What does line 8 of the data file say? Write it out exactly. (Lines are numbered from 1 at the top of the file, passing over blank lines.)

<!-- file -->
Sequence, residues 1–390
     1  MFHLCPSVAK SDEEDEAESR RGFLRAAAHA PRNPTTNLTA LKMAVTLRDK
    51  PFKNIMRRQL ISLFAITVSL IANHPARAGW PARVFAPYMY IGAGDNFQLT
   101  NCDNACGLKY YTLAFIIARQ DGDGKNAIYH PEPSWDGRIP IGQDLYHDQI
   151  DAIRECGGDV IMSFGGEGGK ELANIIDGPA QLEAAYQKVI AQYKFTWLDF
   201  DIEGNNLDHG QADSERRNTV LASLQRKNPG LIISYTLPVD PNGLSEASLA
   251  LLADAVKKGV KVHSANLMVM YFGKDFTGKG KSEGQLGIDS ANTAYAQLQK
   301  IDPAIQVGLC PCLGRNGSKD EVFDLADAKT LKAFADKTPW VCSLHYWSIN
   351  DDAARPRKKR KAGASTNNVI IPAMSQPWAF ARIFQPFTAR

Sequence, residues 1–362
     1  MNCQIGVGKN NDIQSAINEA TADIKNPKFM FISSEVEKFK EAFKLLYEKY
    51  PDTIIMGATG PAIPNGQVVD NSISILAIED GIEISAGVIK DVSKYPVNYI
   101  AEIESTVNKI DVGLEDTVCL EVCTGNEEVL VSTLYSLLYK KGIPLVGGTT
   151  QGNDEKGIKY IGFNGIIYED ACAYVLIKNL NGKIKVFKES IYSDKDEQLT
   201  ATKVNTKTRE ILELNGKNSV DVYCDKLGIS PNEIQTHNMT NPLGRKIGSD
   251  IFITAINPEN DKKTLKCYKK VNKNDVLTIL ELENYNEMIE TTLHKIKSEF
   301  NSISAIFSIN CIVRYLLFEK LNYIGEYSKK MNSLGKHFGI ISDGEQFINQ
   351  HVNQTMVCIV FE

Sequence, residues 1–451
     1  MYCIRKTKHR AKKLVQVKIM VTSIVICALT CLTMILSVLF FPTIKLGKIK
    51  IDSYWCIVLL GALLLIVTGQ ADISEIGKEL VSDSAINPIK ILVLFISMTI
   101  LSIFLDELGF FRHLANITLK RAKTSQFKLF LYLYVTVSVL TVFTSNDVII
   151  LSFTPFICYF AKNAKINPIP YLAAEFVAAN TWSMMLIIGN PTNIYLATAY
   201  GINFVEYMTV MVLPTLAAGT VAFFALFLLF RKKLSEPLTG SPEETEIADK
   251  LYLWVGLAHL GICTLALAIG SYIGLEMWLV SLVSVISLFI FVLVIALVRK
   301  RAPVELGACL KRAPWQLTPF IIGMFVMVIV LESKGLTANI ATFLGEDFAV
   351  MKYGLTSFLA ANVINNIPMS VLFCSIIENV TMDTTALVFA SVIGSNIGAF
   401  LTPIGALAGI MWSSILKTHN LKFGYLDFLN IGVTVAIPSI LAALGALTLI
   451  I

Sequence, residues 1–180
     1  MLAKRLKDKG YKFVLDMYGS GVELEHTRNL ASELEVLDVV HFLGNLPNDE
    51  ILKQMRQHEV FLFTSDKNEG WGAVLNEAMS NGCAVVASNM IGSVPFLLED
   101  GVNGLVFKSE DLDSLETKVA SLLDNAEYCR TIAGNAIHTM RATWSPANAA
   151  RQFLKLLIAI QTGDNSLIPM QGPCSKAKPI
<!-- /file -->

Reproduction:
   301  IDPAIQVGLC PCLGRNGSKD EVFDLADAKT LKAFADKTPW VCSLHYWSIN